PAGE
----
What’s this about?

What’s this about?

Wanted: people who try to make change happen...

Kyparissia, Peloponnese (August 6, 2015)

I first became immersed in grassroots activism when I moved to Greece in 2011. Athens was ground-zero in the worst financial crisis of the post-war era, and the atmosphere was one of rage, revolt, revolution.

In order to expose the injustice of austerity and the EU establishment, some newfound friends and I created campaigns targeting international media. We toiled for hours in the graffiti-covered bars off Syntagma Square, huddled over laptops and coffee, before heading out to nearby rallies to find journalists to pitch. And, I dare say, we scored a few modest wins.

These friends, though, didn’t consider themselves activists. The campaigns were just another thing they did, in parallel with their daily – sometimes difficult – lives. As part of being an engaged citizen.

And the work wasn’t the radical protest action we might associate with the label ‘activist’. It was pressure tactics and smart PR to quietly, thoughtfully shift the status quo. To bring about positive change — often in small but significant ways.

So maybe a better term for what I’m talking about is being an ‘activist citizen’. Trying to shape the world for the better.

Whether you’re a student, a working father of three or a grandmother.

Does this sound like you?

… and won’t take ‘no’ for an answer

Now, here’s a familiar script. You’re trying to tackle a problem and you're not making progress. But think you’ve got a better idea of how to do it. You go up to whoever can influence it and say: “Have you considered doing it like this instead?”

The response: “We can’t.”

“Why not?”

“Because it’s always been done this way.”

If you’re like me, this sort of answer will drive you nuts. Because it’s something we hear all the time.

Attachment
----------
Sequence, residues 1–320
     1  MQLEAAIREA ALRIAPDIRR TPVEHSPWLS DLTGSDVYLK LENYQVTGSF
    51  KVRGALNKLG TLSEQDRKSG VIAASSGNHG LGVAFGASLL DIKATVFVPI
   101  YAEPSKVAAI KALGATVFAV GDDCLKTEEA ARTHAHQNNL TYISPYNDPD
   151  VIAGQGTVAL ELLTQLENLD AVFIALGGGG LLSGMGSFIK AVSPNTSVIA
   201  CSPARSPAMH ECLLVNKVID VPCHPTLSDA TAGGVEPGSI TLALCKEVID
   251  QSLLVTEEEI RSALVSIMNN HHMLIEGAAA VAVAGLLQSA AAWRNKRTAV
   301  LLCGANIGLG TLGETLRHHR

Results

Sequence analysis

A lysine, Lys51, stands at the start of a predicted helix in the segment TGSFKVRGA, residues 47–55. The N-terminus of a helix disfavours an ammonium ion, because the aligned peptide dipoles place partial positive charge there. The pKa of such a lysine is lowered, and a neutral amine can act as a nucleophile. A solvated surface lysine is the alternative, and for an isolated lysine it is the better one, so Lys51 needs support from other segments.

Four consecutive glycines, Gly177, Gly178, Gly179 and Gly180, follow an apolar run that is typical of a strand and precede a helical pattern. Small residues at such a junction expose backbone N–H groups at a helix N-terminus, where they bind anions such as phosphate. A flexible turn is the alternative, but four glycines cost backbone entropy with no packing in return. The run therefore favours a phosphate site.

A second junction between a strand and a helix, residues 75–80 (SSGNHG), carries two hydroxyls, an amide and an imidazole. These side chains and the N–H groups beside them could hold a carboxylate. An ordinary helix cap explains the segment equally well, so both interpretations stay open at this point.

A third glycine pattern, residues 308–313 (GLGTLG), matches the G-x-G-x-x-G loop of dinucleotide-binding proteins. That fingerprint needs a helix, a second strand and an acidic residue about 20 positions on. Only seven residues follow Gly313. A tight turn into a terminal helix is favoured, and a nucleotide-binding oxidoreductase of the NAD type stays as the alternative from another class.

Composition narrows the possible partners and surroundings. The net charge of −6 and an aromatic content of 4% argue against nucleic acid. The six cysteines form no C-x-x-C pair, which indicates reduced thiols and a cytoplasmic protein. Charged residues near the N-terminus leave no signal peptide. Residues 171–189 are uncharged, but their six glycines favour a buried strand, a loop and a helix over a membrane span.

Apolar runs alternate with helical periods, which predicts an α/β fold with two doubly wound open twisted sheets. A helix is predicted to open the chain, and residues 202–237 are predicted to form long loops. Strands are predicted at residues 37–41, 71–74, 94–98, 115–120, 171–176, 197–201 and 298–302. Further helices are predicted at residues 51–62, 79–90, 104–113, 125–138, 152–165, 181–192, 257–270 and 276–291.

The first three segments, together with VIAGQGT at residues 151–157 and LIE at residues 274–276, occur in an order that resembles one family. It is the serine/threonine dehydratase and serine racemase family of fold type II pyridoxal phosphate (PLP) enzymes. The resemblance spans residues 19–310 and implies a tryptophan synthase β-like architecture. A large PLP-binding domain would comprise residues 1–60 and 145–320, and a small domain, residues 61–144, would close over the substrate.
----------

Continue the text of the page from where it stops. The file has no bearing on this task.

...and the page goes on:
And this is particularly true in the case of activism. We fall into habits, inertia takes over, and the people taking the decisions refuse to consider different approaches. We get poor results, become demotivated, and quit.

Activism (or activist citizenship) is ripe for innovation. And the world needs it to be re-imagined, re-energised.

If our current approaches aren’t having an impact, we must look for new ones.

Do you feel the same?

An experiment, if you’re up for it

Photo by Yasin Arıbuğa / Unsplash

So if you’re an activist citizen looking to change things and get results – or someone who’s interested in getting active – welcome. Subvrt is for you. Boy am I glad you’re with us.

Here I plan to share what I’ve learned about activism since those days in Athens, and through my work over the last decade as a political consultant. To explore why we do it, and how we can improve. To gather effective tips, tactics and ideas, so we can sharpen our skills together.

I don’t have all the answers, but I’ve made a start. So far I’ve published: a case-study of a successful campaign I developed recently. The method for impact that underpins all my work. Interviews I’ve done with activists who make a difference. And every Thursday, I’ll share an update with subscribers here.

Looking forward to shaking things up with you!

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